JiraR Introduction

I’ll begin this post by clarifying that I am not a Scrum Master, or an Agile Coach. But I have always been a member of agile teams, interested in work being done, and frustrated when work gets blocked on its way to live.

This post introduces JiraR. Our tool to read a Jira Api and create a report showing the flow of work - in chart form! Charts, graphs and pictures are a great way to visualise any blockers or highlight possible improvements to the workflow. Exposing this information to our squads has led to them reviewing their stats, annotating them, explaining changes and ultimately; driving improvements in their workflow themselves.

Kanban boards work great to show the current state of play, but asking questions on the history of the ticket is more complex. These days at Sky Betting & Gaming, we track most of our development tasks in Atlassian’s Jira. This gives us a nice history of work done and allows us to see changes over time. The built-in REST api lets us access this information.

Our Favourite Graph - Phased Cycle Time

JiraR Phased Cycle Time diagram

The Phased Cycle Time charts are quite complicated, but they can be interpreted in a few different ways to gain different information.

  1. Average cycle time: the length of the full bar.
  2. Change in average cycle time each month.
  3. Dwell Percentage: you don’t need another blog post to explain why dwell time ruins projects.
  4. ‘Dwellfull’ Columns: dwell columns are drawn white, and drawn in the correct place for our Kanban board. Are tickets waiting for developers to pick them up? Or are they waiting for a release token to become free?
  5. Release contention: we deploy to a number of environments before live. Each one is used by more teams than the last, giving more chance to block teams. The longer we spend in the deploy columns, the more risk we bring to other teams.

A little Story: January 2017… The squad in the above diagram were ticking along with >15 days cycle time. The percentage of dwell time reached 70% over the festive holiday period. All columns were utilised and the people looked too busy to pick up tickets urgently.

During a retro the squad had a think about why their dwell times were so large. After a small amount of discussion, they realised that tickets were moving backwards and forwards through the board, each jump back adding dramatically more dwell time. By rushing, they were missing requirements and introducing bugs.

The squad decided to refocus on 3 Amigos and Elaboration - spending their time early on, to clarify the work.

The next month, their dwell time had reduced to below 30%. By the following month they had halved their average cycle time as the increased understanding improved more of their development.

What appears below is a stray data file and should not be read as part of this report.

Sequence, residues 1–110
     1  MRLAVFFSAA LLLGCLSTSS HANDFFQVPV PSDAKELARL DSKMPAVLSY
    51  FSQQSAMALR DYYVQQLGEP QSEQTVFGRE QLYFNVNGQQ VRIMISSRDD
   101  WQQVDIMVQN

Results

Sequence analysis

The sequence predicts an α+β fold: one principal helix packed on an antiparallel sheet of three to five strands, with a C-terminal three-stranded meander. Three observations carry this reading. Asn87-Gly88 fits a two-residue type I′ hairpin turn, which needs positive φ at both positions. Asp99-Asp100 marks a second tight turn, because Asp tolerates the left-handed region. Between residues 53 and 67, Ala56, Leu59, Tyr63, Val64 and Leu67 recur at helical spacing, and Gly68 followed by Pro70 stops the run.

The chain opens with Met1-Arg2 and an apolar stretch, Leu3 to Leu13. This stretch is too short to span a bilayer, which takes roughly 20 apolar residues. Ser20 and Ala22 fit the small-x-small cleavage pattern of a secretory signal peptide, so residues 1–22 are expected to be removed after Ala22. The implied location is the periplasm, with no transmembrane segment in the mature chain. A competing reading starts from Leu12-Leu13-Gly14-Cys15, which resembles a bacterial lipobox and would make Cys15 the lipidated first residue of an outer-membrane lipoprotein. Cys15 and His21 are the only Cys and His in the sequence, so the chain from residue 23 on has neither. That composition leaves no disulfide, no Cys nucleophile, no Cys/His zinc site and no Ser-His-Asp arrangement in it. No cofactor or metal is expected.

The squad knew there was a problem, but were surprised to find their dwell time so high. When they could see the problem, they were able to think about how to solve it.

Making Time For Tech-Debt - WorkType Distribution

JiraR WorkType Distribution diagram

Our management suggest we split our work so that 70% of our time is roadmap work, with the remaining 30% split between BAU and addressing Tech Debt. This chart shows what our actual distribution of completed tickets is, using a CustomField in Jira to record the work-type.

Using this information, squads have evidence to give to their product owners to ‘self-correct’ when they are being asked to do too much roadmap work. Everyone knows letting tech-debt build up is troublesome, the best way to tackle it is to keep on top of it.

This doesn’t mean that we can only spend 30% of our time resolving tech-debt. This chart also shows when squads are spending too much time fixing tech-debt. Then a piece of tech-debt may be elevated to the roadmap. Giving the squad time to think through the problem fully, by devoting more resource to it.

What else

  • Velocity: Number of tickets completed
  • Column Usage: Which columns get skipped?
  • Burnup: Businesses love burnup
  • Spend: How many tickets are completed as CAPEX vs OPEX (from a CustomField in Jira)

Using this yourself

The code is available at: https://github.com/skybet/jirar The instructions looks something like this:

  1. Clone repo https://github.com/skybet/jirar
  2. Build/pull Docker containers
  3. Write your config details into the config files
  4. Generate your hashed Jira Access Token from your username and password
  5. Start the RUNME.sh script

Docker containers will soon be published and the README updated, but until then you can build the docker images yourself and set up your config by following the instructions in the README

Begin by populating the links to Jira’s REST endpoint in atlassianDetails.sh and putting your project’s boardId in extract/boardList.js…

You are ready to run the RUNME.sh script with your credentials.

echo -n Username:Password | base64 #Get your jira access token
# E.G.
sh ./RUNME.sh <usernamepasswordhash> TS

All being well, This extracts the data from your Jira api using the Node.JS script in the jirar-extract container and writes some data into a local CSV file. Next, it runs a Rmd script (R Markdown) to generate the graphics from that CSV file. Optionally, if you have added your confluence details in atlassianDetails.sh, it uploads the report to confluence for others to see.

Read the jiraR README for advice on setting up Jira’s CustomFields to power the worktype and spend charts.


Hopefully this post has inspired you to visualise your own projects and talk about the output with your team. Anyone can kickoff the discussion as everyone hates being blocked, so why not start today… The reports built into Jira are a good starting point, but sometimes you need more. Hopefully this project is simple enough to encourage you to experiment with personalised views of your own workflow.

Check it out here: https://github.com/skybet/jirar